This has long been a favourite viewing point looking north over Johannesburg Parks suburbs.  Built in 1918 Munro Drive with its very steep gradient and one hairpin bend, links Lower and Upper Houghton. At the top of the ascent there is a place to park and enjoy the view to the north over Rosebank and Sandton; and on a clear day to the Magaliesberg.  If you are lucky enough to hit Jacaranda season it’s a fantastic spectacle of purple blossoms. 

An old Postcard of Munro Drive. Source: Heritage Portal

6. Higher Ground   

From Higher Ground, the restaurant in the grounds of St. Stithians School in Randburg, in one panoramic sweep you look south across to Sandton Central which has all been built since the mid 1970s. This skyline (photo taken March 2017) has already altered significantly with the near completion of  Sandton’s newest highest building, the Leonardo.  [The Michelangelo is 140m and when it pipped Sandton City, Sandton City added a spire to make it 141 m.]

Panorama of Sandton from the north. Source: www.lizatlancaster.co.za

And for a viewpoint dripping in glitz and ‘glamour’ try:

7. Flames at the Four Seasons Westcliff Hotel  

Another place to relax and have a drink while taking in the view is at the Four Seasons Hotel, Westcliff … with a VERY different crowd from Maboneng. Here at Flames looking down over Jozi’s urban forest, Joburg’s elite are very evident.  And if you go in late October/early November you’ll get the fabulous purple Jacaranda canopy. 

View from the deck of Flames restaurant at the Westcliff hotel with the Jacarandas in bloom. Source: www.lizatlancaster.co.za

8. Island Bar, Southern Sun Hyde Park hotel

And if you want somewhere even closer to Liz at Lancaster for a cocktail sundowner and a great sunset, try the Island Bar at the Hyde Park Southern Sun Hotel.  It’s located on the pool deck and has a very chilled ambience. 

Have a cocktail sundowner at the Island Deck Bar. Source: Tsogo Sun Hyde Park

9. Sir James at Katy’s Palace Bar in Kramerville 

If it’s Wednesday evening then it’s drinks at Sir James. This amazing warehouse space which it shares with Katy’s Palace and Amatuli offers a really unusual view of the Sandton skyline. 

Drinks nights midweek at Sir James which offers amazing view of Sandton’s night lights. Source: Katy’s Palace Bar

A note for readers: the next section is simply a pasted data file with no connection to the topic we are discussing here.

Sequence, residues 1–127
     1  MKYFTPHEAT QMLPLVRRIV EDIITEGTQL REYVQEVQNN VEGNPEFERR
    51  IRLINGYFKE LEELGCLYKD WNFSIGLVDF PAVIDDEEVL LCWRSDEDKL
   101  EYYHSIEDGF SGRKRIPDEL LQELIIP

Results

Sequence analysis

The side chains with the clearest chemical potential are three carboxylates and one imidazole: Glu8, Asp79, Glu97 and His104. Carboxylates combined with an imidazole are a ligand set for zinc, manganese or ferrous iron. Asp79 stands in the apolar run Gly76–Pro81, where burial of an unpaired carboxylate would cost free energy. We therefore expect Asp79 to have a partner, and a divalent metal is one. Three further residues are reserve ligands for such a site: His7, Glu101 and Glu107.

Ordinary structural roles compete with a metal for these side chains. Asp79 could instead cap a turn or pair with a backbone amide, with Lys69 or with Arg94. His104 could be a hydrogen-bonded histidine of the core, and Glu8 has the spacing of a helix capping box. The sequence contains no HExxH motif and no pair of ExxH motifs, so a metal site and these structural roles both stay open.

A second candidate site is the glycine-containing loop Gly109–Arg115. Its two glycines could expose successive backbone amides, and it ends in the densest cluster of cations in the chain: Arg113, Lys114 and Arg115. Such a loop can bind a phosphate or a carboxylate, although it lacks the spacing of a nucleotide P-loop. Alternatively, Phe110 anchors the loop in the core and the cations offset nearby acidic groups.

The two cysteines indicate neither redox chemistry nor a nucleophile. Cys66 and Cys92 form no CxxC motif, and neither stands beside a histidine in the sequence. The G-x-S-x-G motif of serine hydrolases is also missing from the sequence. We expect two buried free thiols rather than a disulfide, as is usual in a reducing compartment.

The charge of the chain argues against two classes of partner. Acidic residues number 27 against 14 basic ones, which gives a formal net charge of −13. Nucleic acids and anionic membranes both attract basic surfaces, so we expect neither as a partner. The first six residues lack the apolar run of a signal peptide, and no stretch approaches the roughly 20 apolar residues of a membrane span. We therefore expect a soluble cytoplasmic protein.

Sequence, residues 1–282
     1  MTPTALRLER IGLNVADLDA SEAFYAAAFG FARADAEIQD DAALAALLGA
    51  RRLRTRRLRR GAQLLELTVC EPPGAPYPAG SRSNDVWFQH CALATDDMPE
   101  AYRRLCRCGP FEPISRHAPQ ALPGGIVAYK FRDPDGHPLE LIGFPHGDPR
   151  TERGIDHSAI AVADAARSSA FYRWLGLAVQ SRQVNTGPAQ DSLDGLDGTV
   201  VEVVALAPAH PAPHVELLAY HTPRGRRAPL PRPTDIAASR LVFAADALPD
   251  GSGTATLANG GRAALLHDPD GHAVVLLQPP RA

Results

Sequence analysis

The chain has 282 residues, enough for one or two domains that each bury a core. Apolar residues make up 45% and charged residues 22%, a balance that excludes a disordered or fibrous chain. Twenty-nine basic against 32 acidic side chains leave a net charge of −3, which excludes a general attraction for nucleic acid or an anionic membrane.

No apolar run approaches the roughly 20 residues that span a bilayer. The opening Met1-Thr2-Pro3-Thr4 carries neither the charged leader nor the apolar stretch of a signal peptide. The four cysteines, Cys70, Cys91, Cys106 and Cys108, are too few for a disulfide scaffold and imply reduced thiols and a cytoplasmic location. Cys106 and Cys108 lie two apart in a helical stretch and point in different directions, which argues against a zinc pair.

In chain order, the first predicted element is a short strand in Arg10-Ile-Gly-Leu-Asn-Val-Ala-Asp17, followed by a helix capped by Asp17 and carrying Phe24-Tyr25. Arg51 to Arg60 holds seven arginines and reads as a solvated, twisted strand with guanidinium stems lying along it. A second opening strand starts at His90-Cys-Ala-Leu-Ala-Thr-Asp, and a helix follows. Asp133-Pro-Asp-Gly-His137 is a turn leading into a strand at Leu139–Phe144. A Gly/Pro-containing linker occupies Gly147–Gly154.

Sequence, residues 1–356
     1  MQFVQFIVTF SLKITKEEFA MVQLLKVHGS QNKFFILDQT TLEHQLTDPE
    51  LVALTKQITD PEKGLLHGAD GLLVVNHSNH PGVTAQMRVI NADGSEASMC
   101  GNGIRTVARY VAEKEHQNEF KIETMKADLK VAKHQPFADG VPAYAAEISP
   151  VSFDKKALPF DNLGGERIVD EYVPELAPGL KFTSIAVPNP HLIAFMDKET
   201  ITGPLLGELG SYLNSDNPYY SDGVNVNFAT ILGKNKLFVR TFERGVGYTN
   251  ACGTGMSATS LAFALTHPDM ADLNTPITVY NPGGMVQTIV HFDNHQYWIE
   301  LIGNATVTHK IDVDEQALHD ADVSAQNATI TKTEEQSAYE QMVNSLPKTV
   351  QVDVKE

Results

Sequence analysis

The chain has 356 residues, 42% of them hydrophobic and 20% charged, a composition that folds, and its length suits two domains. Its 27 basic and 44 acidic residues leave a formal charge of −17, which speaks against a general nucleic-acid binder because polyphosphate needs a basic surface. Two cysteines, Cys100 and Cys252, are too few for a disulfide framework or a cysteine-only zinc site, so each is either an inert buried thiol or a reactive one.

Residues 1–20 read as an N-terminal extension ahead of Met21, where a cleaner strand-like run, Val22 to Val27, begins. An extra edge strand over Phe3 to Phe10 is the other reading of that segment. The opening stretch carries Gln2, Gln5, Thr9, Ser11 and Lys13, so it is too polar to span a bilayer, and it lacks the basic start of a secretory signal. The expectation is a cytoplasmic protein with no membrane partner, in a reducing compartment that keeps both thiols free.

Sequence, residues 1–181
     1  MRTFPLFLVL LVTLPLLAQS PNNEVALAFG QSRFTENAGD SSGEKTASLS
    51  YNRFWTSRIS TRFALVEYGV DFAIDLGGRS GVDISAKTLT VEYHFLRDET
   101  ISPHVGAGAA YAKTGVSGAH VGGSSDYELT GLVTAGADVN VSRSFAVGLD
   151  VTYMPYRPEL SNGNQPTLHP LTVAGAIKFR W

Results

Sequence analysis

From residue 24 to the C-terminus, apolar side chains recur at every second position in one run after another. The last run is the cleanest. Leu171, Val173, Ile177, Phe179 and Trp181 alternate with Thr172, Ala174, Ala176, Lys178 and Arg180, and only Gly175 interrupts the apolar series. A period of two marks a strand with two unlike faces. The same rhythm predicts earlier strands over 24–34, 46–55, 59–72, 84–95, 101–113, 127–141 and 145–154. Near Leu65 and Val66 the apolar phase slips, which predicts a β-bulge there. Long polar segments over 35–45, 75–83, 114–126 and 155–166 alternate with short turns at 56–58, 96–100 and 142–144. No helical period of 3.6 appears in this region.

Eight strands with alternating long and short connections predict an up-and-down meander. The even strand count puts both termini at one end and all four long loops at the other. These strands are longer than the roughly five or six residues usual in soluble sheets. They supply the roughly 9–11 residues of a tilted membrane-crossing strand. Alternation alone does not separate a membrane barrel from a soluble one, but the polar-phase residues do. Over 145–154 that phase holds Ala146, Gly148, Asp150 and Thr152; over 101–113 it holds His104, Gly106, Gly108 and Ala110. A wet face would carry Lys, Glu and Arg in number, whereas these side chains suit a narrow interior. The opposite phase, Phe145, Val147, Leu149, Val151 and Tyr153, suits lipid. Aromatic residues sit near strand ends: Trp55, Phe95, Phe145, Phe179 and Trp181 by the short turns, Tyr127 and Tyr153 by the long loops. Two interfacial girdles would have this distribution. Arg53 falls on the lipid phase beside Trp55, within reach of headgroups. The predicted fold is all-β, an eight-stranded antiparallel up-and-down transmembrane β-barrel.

10. Northcliff Hill 

One of the most famous viewpoints is from Northcliff Hill, the second highest point in Jozi. As with many places that can be isolated, be aware of being on your own after dark. But it’s a favourite place for groups to see the city lights and to take sunrise photographs.  

View from Northcliff Hill.  Source http://jeromes1day.blogspot.com

11. Soccer City

Tours of soccer city are available on Thursdays (difficult to get information as you need to contact the FNB Stadium Management who are more than elusive).  And the added bonus of getting behind the scenes of this huge stadium built for the Soccer World Cup in 2010, are the views offered of Joburg from the south. 

The Joburg Skyline from Soccer City. Source: The Heritage Portal

12. Da Gama Park

And finally, one site that I have still to visit is Da Gama Park in Dewetshof in the east near Observatory and Bruma.  The highest point in Johannesburg is on Observatory Ridge so it makes sense that Da Gama Park offers good vistas.  Kathy Munro of the Heritage Portal has written about Da Gama Park. 

View of Ponte and the Yeoville water tower (the elevated  round red Sputnik ball) from Da Gama Park. Source: Kathy Munro for The Heritage Portal

 

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3 thoughts on “A dozen spectacular viewing points in Jozi

  1. Great book ‘Hidden Joburg’. I really do wish that the city would somehow make places like Langermann Kop a tourist attraction, even if its for one day a week or month as I do believe that’s the best view of the city. Such a pity it’s not safe to venture there.

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  2. Two more books on Johannesburg, which are worth reading are Lost and Found in Johannesburg by Mark Gevisser and A Thousand Tales of Johannesburg by Harry Kalmer. Two very different reads, but each brilliant in their own way.

  3. Thanks for this Rosemary. Ashamed to say that although I know if Mark Gevisser’s book it’s not on my shelves and I haven’t read it. And hadn’t heard of Kalmer’s book. Will try to get hold of both of them. Thanks for the info.